Sheila R. Medlam: Sheila Medlam worked as an estimator at the time of Mason's death, but she is now studying to become a structured learning educator, so she can help teach children with severe autism like Mason. Sheila Medlam describes herself and goals this way on her blog.
I am about to drive over the edge of forty. I live on a farm in Kansas with my husband, daughters and many animals. I have an angel in heaven who wandered from home and drowned in a neighbor's pond when he was five years old. His name is Mason Allen Medlam and he was severely autistic. He is my purpose, my drive, my heart. Everything I do for the rest of my life is because of him. I love you, Bubby, I love you, I love you, I love you (Read More at Sheila R. Medlam's Blog).
Following Mason's death in 2010, Sheila Medlam formed the Mason Allen Medlam Foundation for Autism Safety.  The foundation was nominated for the 2010 Age of Autism Award. Sheila has worked tirelessly through the foundation to promote Autism Safety through what is known as a Mason Alert.  A Mason Alert would be similar to but different from the nationwide Amber Alert System, because it would take into account unique circumstances applicable exclusively to missing people with autism of all ages. You can read more about the Mason Alert at this description of the Mason Alert from the Mason Allen Medlam Foundation's Website and you can also sign the online petition to establish a Mason Alert system throughout the United States. The foundation also promotes the Mason Alert Take Me Home Registry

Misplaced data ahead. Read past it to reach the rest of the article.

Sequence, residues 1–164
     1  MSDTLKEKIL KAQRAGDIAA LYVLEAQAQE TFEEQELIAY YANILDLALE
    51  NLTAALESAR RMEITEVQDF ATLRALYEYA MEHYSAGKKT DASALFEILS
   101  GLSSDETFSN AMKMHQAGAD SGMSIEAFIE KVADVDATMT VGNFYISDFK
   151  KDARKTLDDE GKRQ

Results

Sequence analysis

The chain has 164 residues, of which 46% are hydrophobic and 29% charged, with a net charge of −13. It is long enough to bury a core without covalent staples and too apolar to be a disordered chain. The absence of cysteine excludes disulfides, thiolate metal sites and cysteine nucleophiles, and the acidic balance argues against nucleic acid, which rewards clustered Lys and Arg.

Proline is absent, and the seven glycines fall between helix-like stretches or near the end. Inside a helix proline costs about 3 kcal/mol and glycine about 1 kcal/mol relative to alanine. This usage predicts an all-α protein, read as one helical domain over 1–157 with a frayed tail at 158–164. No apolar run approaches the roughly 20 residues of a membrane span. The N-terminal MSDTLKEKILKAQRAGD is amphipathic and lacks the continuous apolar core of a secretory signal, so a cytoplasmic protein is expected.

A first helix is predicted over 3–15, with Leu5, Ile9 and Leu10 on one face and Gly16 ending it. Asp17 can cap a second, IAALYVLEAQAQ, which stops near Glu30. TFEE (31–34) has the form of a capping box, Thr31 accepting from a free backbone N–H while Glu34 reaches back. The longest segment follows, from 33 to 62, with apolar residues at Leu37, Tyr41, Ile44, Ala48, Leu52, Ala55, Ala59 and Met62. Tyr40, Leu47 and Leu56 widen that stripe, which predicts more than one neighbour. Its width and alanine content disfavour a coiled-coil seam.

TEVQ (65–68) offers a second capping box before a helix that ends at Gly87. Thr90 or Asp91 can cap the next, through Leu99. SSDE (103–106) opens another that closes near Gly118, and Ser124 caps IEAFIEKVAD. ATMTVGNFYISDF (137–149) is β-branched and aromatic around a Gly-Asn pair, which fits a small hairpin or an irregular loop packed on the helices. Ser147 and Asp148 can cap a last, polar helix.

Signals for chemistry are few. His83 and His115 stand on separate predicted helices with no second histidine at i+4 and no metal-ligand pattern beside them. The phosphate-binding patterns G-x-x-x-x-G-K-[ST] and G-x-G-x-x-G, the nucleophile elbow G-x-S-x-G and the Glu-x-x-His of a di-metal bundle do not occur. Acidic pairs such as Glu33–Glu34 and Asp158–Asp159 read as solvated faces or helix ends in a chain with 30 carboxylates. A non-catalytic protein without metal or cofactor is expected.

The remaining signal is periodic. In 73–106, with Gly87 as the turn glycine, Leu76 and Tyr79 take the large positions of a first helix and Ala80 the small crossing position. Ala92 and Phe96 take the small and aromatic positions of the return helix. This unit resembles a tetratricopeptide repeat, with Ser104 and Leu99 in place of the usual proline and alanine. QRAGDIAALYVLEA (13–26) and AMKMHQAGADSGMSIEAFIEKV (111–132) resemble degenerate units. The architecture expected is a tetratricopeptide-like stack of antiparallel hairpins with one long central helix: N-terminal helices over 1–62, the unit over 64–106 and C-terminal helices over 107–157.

Here is a video from Sheila Medlam and the Mason Allen Medlam Foundation that provides information on the goals of the foundation and serves to give educational awareness of some procedures and equipment that could prevent future tragedies. The YouTube video says, "The Mason Allen Medlam Foundation's goal is to layer all the protections we can around each at risk person." The video also respectfully remembers some of the precious lives with autism that were lost to wandering around the time it was made and helps show the depth of the problem.